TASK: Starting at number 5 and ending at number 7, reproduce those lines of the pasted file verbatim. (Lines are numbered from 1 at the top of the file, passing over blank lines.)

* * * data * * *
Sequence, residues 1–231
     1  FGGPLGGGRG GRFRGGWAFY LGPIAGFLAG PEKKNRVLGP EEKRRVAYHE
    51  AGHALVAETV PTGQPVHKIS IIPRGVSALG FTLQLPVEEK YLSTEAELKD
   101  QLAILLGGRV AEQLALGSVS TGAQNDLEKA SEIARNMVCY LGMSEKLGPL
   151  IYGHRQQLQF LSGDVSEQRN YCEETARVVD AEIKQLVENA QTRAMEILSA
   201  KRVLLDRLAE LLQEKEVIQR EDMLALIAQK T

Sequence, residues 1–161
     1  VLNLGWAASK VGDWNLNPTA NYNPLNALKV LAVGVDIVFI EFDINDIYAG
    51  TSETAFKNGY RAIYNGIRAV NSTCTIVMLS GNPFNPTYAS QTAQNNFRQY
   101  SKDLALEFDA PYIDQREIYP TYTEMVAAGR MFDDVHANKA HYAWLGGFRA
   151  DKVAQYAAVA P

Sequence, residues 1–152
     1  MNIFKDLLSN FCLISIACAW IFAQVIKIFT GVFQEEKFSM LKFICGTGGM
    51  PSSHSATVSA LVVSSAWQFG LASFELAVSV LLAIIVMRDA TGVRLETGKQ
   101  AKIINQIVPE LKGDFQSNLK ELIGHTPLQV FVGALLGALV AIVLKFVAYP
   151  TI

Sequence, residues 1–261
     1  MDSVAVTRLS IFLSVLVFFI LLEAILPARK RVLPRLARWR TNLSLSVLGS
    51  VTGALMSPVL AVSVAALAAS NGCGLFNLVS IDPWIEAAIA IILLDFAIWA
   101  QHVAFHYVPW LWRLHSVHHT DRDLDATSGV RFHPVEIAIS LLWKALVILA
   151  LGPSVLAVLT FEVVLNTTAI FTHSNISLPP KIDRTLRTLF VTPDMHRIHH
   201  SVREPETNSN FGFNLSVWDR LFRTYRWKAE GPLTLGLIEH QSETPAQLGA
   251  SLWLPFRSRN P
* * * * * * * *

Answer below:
   151  IYGHRQQLQF LSGDVSEQRN YCEETARVVD AEIKQLVENA QTRAMEILSA
   201  KRVLLDRLAE LLQEKEVIQR EDMLALIAQK T

Sequence, residues 1–161